UNESCO chief condemns ‘despicable murder’ of US journalist in Syria

UN Photo/Casey Crafford

3 September 2014 – The head of the UN agency mandated to defend press freedom today expressed shock at the killing of American journalist Steven Sotloff and called for the immediate release of all civilian hostages held by militant groups in Syria.

“I condemn deeply the execution of Steven Sotloff,” said UNESCO Director-General, Irina Bokova in a statement to the press in which she also expressed her heartfelt condolences to Mr. Sotloff’s family and friends.

Mr. Sotloff, 31, was a freelance journalist who worked for a number of leading United States publications including Time magazine and World Affairs. He was kidnapped in Aleppo, Syria, last summer.

“Steven Sotloff – like James Foley who was murdered in an equally despicable manner two weeks ago – was a brave man who worked as a journalist committed to telling the world what was happening on the ground,” said Ms. Bokova.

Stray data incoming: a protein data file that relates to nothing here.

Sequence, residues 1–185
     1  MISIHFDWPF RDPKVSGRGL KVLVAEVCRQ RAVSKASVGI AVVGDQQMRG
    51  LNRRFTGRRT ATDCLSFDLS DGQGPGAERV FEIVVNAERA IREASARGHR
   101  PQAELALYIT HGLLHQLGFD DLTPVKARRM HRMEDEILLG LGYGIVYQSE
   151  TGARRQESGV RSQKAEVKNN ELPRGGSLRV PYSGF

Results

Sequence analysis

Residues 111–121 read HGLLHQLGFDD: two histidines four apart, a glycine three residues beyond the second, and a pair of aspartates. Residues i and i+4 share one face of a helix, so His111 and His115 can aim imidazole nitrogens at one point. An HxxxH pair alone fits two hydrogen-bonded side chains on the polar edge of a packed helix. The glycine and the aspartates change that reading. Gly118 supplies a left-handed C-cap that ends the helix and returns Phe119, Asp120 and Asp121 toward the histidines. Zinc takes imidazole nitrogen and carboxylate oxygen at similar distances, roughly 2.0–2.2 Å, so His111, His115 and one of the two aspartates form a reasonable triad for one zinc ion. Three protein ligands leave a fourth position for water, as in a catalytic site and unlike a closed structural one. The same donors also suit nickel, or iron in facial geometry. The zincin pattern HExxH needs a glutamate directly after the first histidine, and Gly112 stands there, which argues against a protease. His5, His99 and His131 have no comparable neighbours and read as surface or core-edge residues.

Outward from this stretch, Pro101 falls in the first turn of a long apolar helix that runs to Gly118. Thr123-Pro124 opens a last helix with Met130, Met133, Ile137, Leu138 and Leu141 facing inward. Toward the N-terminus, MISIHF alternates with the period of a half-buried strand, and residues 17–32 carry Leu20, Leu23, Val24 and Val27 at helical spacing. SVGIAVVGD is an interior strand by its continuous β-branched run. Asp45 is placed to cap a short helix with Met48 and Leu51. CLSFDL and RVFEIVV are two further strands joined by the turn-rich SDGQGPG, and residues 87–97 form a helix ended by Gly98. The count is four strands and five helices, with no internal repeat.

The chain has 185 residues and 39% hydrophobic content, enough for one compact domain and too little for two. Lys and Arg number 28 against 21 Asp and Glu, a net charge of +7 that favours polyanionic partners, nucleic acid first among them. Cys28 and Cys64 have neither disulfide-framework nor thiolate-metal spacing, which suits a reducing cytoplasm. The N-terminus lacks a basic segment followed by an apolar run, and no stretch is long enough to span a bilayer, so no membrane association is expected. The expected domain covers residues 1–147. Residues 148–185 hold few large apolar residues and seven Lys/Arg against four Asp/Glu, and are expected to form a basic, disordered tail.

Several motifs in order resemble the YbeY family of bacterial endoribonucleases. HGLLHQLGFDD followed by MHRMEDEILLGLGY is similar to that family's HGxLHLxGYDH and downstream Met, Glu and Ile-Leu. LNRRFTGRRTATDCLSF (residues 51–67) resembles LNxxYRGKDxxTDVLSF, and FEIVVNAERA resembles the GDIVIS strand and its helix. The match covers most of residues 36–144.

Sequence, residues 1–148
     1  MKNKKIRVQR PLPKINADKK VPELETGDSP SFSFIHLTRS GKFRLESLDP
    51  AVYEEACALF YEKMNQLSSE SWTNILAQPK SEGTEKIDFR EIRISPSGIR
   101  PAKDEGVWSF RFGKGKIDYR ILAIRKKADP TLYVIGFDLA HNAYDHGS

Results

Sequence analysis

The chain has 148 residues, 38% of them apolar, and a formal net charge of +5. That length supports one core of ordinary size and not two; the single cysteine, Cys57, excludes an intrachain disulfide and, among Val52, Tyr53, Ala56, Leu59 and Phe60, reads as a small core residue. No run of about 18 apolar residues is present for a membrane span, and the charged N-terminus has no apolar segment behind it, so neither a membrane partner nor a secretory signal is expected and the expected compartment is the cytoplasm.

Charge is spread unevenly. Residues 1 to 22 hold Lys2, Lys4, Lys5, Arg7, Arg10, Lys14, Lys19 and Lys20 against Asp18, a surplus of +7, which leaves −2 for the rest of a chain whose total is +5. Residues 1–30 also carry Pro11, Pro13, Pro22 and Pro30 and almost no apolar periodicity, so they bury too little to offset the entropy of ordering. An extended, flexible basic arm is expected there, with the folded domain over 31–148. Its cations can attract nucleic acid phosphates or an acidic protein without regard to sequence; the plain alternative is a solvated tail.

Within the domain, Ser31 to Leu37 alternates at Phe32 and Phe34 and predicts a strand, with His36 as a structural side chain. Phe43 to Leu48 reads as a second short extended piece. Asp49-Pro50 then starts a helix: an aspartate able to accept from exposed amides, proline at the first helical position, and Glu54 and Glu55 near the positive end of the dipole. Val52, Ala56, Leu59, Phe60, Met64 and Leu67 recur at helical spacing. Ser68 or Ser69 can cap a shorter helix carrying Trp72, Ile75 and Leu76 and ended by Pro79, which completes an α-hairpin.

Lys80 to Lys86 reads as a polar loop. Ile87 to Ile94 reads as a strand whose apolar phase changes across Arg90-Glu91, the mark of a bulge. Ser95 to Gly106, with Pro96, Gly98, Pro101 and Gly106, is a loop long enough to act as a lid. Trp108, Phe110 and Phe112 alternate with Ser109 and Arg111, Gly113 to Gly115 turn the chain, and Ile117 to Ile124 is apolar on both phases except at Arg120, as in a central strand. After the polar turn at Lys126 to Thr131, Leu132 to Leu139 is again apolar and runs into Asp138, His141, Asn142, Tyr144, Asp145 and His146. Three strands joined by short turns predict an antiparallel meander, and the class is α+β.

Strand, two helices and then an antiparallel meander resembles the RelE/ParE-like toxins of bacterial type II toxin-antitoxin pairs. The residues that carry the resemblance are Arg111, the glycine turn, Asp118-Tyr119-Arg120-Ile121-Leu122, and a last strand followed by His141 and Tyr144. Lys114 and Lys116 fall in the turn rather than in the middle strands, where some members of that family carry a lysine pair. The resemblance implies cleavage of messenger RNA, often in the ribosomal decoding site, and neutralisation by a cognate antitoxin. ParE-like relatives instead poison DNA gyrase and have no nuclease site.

It is outrageous that these “brave professionals, who are driven by their desire to find out how people are affected by war and share their stories with the world, should suffer such inhumane treatment,” said the Director-General.

Governments must strengthen the safety of journalists by ensuring that those responsible for such violence are held accountable, she urged.

Last month, the UN Security Council strongly condemned the “heinous and cowardly” murder of American journalist James Foley by the militant group Islamic State (IS) and stressed that those responsible for the killing must be held accountable.

According to UNESCO, more than 430 journalists have been killed between 2007 and 2012. The UN agency maintains a webpage dedicated to condemning the killing of journalists, in line with Resolution 29, adopted by its Member States in 1997.

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